There are a lot of pluses to the life, but a whole lot of negatives you can easily gloss over in assessing your willingness to do it. From my experience, a 5 hour selling day probably involves 8 to 12 hours of your day, minimum. Think carefully. Plus, there is the drawback that if you are successful, competitors jump right in.
posted by uncaken at 7:03 PM on February 11, 2012

Best answer: Well, among the problems in Vancouver is the fact that there appears to be only 25 spots available, the process is competitive and the judging is based on "experience, readiness, quality and diversity of food, business plan, overall menu, and environmental and/or sustainability considerations."
posted by looli at 9:38 PM on February 11, 2012

Best answer: Aside from the truck-specific concerns listed above, there's also the reality of food service, in general.

You have to get started at least a couple of hours before your intended business hours and keep working at least a couple hours more after they end. You'll be cleaning a LOT - food service requires wiping down your work and serving surfaces frequently, and small space means re-washing implements a lot so you're not too crowded with stuff. Getting ratios correct for ingredients purchased versus product sold to prevent waste, estimate costs, and satisfy customers takes some real effort.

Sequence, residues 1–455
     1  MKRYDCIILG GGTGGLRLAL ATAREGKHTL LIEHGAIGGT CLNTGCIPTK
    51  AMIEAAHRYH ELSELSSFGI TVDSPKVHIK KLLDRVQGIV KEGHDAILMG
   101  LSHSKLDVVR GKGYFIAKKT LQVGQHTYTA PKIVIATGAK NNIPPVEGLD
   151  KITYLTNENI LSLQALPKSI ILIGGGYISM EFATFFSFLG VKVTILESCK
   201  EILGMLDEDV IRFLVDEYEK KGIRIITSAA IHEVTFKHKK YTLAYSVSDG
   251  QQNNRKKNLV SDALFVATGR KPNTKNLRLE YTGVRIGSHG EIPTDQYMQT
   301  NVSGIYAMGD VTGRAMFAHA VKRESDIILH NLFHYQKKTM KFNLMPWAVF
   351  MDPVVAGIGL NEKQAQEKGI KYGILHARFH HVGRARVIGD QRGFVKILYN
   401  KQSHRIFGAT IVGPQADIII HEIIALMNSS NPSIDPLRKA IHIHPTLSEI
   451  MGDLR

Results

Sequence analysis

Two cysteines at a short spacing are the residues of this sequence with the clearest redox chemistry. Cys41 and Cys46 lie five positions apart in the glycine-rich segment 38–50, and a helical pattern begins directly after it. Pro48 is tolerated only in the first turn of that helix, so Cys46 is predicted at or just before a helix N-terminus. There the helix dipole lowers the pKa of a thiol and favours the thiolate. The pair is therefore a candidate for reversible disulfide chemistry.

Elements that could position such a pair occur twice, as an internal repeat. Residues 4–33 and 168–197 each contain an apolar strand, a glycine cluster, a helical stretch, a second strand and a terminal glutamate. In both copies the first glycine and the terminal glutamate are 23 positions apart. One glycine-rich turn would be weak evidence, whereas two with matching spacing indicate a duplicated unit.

One bonus thing to think about: packaging. This often becomes an urgent after thought, but it should be an early consideration. Aside from cost, you have to consider the space it takes up, how well it supports the product, how much you care about environmental concerns, and if you want to invest in branded materials.
posted by batmonkey at 12:43 AM on February 12, 2012 [1 favorite]

Response by poster: Thanks everyone! These are exactly the responses I'm looking for. The blog posts that jacquilynne linked to were really awesome, and seriously made me crave soft-serve ice cream.
posted by beepbeepboopboop at 4:25 PM on February 13, 2012